While we all know the Nokia reinvented itself under the hood of HMD Global by making way for some exceptional devices, Nokia 3.1 was one smartphone that certainly changed how people look at the budget segment. However, despite being a highly competitive gadget, this device lacked essential features like a sizeable display and the fingerprint sensor. Then again, HMD Global was quite vigilant regarding user preferences and ended up launching a revamped version of the former, tagged as the Nokia 3.1 Plus. While this device packed in a lot of improvements, the company didn’t hike up the associated price tag exorbitantly. In our discussion, we would talk about the inception of Nokia 3.1 Plus as a massive improvement over Nokia 3.1 besides detailing the associated specs sheet.

What are the Obvious Improvements?

When it comes to detailing the improvements, the screen size gets a massive boost. The 5.2-inch panel of the Nokia 3.1 changes to a 6-Inch phablet-type display. Apart from that, HMD Global also adds a fingerprint sensor for making things simpler for the general user. While the existing RAM still remains the same with 2GB and 3GB variants available, the Plus version is expected to be faster courtesy the addition of a new MediaTek processor i.e. the Helio P22. The battery backup on this device is expected to survive a day’s heavy usage and might still save some juice for the next day. The 3500mAh battery unit is quite a decent addition to an already impressive gadget. Lastly, there are certain region-specific models which are launched with NFC at the helm.

Unexpected Additions Galore

This new Nokia phone still falls in the budget category despite packing in some of the best features in the business. While we already talked about the most obvious inclusions, the new Nokia 3.1 Plus also wins it in terms of the rear camera arrangement by adding a second shooter at the back, precisely for supporting portrait shoots.

What are the Misses?

Although the Nokia 3.1 Plus adds a lot to the table in regards to the existing feature sets, it also disappoints by still keeping the Gorilla Glass addition at bay. Instead, HMD Global tries to fill in the void with a toughened glass which falls short of expectations. Not just that, missing support for faster wireless networks is also a major loophole which the company failed to identify. Although there are certain low price mobile phones which do not offer the 5 GHz WI-Fi flexibility, this Nokia Phone is certainly not a low-end device.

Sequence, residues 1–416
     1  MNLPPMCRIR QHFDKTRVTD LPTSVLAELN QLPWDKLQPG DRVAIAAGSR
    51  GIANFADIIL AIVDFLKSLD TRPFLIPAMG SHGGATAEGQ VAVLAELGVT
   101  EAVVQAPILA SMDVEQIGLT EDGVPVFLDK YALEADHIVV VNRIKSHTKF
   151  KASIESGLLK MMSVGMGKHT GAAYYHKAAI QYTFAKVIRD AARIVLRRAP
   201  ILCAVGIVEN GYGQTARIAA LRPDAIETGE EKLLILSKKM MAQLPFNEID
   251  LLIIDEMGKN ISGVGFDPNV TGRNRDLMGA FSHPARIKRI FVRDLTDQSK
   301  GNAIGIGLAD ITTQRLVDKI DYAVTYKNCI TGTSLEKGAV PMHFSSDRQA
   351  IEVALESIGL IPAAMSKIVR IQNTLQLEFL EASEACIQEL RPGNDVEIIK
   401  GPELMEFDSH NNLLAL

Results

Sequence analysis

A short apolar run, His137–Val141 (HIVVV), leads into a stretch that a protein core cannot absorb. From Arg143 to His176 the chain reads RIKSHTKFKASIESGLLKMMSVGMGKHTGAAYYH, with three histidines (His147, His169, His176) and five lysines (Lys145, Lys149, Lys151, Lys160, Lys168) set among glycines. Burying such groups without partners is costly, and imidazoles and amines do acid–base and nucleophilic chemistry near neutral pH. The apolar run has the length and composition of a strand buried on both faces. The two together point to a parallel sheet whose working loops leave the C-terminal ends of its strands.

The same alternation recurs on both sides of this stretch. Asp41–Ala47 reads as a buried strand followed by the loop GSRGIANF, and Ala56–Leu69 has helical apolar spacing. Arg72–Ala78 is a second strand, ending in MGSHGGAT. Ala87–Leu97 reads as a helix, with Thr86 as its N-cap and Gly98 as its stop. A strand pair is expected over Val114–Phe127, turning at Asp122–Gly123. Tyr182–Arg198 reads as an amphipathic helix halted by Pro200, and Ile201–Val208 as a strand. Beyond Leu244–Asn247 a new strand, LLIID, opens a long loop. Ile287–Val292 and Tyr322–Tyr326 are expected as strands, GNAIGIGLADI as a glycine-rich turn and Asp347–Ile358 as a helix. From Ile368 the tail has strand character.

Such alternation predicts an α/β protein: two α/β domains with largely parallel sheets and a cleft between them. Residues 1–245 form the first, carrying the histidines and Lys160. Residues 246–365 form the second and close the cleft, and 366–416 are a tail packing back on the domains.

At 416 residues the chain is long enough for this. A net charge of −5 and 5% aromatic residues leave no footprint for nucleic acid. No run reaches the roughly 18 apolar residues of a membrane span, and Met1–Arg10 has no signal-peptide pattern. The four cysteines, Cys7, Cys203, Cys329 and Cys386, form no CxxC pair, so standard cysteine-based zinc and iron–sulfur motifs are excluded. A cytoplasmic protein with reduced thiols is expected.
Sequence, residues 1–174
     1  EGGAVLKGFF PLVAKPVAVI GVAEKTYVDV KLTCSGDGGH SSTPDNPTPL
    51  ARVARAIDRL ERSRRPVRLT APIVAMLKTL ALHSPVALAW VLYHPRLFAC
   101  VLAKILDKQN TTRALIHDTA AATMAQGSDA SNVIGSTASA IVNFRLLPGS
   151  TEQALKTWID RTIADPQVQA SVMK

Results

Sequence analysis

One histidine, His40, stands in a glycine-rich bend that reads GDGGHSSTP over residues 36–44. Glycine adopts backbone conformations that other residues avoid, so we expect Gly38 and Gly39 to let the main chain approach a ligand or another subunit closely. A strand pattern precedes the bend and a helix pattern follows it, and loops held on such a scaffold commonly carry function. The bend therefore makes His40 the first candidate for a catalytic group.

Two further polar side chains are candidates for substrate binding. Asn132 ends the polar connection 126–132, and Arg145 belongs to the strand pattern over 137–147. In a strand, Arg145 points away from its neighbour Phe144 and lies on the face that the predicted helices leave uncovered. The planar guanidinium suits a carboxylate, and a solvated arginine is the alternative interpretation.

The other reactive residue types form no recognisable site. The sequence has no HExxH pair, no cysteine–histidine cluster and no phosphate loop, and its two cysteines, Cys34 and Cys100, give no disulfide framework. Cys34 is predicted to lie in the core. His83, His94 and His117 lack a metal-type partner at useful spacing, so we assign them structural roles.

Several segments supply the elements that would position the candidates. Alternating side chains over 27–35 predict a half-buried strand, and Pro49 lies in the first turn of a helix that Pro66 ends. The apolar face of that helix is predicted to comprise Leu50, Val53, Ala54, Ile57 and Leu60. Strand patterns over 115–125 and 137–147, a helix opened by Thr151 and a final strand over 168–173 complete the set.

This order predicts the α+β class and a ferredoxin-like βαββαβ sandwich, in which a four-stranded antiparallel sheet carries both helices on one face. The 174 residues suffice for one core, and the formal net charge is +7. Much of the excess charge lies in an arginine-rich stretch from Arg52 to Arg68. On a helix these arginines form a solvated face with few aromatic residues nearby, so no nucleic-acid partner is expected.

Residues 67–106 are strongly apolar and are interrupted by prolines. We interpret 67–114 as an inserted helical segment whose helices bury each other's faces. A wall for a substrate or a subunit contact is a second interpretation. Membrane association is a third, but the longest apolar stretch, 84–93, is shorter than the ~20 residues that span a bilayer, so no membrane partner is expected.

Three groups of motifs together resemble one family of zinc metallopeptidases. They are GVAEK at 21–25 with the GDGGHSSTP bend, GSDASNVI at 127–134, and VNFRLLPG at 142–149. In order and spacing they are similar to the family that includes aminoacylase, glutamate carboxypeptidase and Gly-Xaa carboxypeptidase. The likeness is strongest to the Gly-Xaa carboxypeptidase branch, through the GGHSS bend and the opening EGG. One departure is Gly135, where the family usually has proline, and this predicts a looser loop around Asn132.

What are the General Expectations?

In some departments, however, the new gadget doesn’t make a lot of changes. The Plus variant still needs to be charged via a micro-USB cable and the 16GB and 32GB storage versions are persisted with, albeit 2gigs and 3gigs of RAM, respectively. The Android One experience persists which is expected to offer multiple software updates followed by decent levels of security. When it comes to the price points, we can expect something in the ballpark of $184-$207, for select variants. However, if someone is still looking to purchase the Nokia 3.1, originally priced at $159, getting hold of a refurbished model might just be a better option. There are select online stores like Togofogo which sell refurbished devices at highly competitive rates and the Nokia 3.1 is expected to be available over one of these.

The future for HMD Global looks quite promising as the company has been launching a barrage of mid-tier and low-end devices for the global customer base. However, with several Chinese players barging into the market with exceptional deals and offer, things are expected to get tough for the company. What’s frightening is that there are several startups which are making refurbished flagships available to the customers; thereby cannibalizing the existing mid-range and low-end smartphone market. Therefore, in order to survive this acid test, the likes of Nokia 3.1 Plus need to come up with some exclusive features and additional capabilities for being in the reckoning. As far as the Indian contingent is concerned, people are slowly but steadily moving towards pre-owned and refurbished smartphones and it would take a lot of effort from HMD Global in order to make a lasting impression.




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